Peter Biello: I have not had that.
Matt Wilpers: That was so good. I love sweets, so maybe I'll sneak in one of those. I don't know. And then what else is there? Is—? Oh, Flying Biscuit, of course. It's good. And then my favorite, my team's favorite breakfast spot was the Highland Bakery with their sweet potato pancakes. I love — I love those. Oh, my goodness. So that place is blown up since I was here.
Peter Biello: Did I see you get a chance to meet Spencer Strider?
Matt Wilpers: I did. And that was so much — I could talk to him for ages.
Peter Biello: Talk about people who are dialed in to their workout. I mean, he's notoriously great at sticking to it, even in the offseason.
Matt Wilpers: I actually talked to him a lot about his training. I felt like I was interviewing him.
Peter Biello: What did you learn from him or what did he learn from you?
Matt Wilpers: Oh, my gosh, we had such a great time. He gave me a lot of tips on like throwing baseballs, obviously. I want to talk to him about the different grips. I grew up playing baseball before I ever got into running and everything else. And I asked him about his training strategy and No. 1, how he got started. When did he when did he realize baseball was really what he was going to go for? Which was fascinating. And he told me he was 3 years old and he was like, I knew baseball was going to be it for me. And I go, "When did you start first working with a coach?" And he goes, "not until high school," which means he was self-taught through all that time. And then through high school, he was lucky enough to work with one of the top high school coaches in the country. He made a big difference with him. And then we started talking about his training regimen now. And just similar to what we talk about for endurance athletes in the offseason he's going big on heavy, heavy weights. Also working on endurance. But in the on-season he's gotta to taper that off a little bit and focus on more just muscle activation, taking care of what he's built in the offseason. A lot of times pitching and going through games is helping him with his — with his cardio. But he is — that man's training constantly.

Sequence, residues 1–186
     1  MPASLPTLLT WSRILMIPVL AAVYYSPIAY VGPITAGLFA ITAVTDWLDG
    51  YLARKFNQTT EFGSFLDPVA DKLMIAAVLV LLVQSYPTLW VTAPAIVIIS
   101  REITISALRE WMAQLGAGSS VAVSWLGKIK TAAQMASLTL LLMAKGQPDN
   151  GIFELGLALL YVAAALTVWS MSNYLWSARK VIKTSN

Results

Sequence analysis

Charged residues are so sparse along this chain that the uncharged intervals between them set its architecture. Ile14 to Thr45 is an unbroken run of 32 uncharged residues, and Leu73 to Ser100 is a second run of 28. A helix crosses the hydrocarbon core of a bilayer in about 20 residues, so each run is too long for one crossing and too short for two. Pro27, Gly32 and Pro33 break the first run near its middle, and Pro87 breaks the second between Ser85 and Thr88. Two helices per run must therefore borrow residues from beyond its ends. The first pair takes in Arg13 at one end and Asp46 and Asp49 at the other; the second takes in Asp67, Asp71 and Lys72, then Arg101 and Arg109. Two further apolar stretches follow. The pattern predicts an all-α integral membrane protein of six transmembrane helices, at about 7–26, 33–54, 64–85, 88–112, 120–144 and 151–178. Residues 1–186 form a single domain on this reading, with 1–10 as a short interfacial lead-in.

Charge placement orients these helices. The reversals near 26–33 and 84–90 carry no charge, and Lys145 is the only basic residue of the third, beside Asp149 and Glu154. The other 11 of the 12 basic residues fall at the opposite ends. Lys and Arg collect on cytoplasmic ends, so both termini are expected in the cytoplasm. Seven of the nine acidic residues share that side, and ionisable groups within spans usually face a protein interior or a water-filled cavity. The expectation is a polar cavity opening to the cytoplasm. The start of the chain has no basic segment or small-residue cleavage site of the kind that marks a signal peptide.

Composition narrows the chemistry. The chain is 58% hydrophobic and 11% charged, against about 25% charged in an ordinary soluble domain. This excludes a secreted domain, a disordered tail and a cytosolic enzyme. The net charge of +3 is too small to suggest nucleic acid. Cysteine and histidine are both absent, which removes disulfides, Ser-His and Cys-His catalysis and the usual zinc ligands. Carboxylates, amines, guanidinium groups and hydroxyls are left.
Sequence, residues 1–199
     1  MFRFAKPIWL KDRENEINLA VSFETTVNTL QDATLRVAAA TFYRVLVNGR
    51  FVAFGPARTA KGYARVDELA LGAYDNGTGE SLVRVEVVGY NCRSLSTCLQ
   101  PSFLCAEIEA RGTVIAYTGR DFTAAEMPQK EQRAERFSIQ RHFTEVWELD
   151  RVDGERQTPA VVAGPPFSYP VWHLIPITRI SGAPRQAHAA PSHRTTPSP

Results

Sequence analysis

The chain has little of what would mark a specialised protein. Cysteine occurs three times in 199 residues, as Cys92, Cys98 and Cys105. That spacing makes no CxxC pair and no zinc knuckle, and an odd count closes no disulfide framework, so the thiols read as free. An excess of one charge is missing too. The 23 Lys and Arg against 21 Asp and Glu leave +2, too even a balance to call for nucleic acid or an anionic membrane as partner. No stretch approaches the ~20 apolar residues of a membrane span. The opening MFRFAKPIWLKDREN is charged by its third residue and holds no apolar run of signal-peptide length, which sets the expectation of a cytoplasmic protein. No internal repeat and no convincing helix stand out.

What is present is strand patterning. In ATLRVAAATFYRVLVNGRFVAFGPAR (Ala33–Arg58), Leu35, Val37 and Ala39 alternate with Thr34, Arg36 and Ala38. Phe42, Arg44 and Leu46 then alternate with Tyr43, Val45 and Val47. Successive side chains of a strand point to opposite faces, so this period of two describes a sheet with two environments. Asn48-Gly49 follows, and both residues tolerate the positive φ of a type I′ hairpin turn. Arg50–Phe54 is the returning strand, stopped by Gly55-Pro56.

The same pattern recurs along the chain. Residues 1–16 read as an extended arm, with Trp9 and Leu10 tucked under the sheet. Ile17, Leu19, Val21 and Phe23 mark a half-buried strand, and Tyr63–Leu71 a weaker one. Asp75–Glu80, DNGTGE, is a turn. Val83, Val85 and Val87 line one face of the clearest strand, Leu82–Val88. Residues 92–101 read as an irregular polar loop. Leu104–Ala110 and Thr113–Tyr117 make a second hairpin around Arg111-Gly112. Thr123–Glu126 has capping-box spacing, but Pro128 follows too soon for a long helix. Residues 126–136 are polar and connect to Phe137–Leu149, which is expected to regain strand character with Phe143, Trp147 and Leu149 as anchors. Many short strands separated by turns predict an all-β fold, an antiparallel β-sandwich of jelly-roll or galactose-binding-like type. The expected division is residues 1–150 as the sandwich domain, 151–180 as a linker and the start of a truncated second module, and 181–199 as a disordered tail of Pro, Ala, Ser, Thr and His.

Peter Biello: It shows.
Matt Wilpers: He's an athlete through and through. And I really appreciated — how wonderful conversation. He's really dialed in with the "why" behind what he does and his attention to detail. He's going have a long, wonderful career.